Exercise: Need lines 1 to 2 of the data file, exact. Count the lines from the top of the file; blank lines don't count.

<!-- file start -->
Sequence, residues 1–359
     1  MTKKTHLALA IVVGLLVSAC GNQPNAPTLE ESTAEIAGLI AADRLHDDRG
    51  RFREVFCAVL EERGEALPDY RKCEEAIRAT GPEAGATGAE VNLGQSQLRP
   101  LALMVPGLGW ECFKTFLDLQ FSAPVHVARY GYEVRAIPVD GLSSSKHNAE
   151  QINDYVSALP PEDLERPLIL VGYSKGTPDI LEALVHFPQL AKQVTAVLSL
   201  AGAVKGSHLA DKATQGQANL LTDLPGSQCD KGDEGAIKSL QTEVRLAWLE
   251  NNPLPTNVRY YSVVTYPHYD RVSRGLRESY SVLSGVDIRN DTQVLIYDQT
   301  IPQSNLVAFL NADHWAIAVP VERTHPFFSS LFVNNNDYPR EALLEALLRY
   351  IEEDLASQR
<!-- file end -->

Sequence, residues 1–359
     1  MTKKTHLALA IVVGLLVSAC GNQPNAPTLE ESTAEIAGLI AADRLHDDRG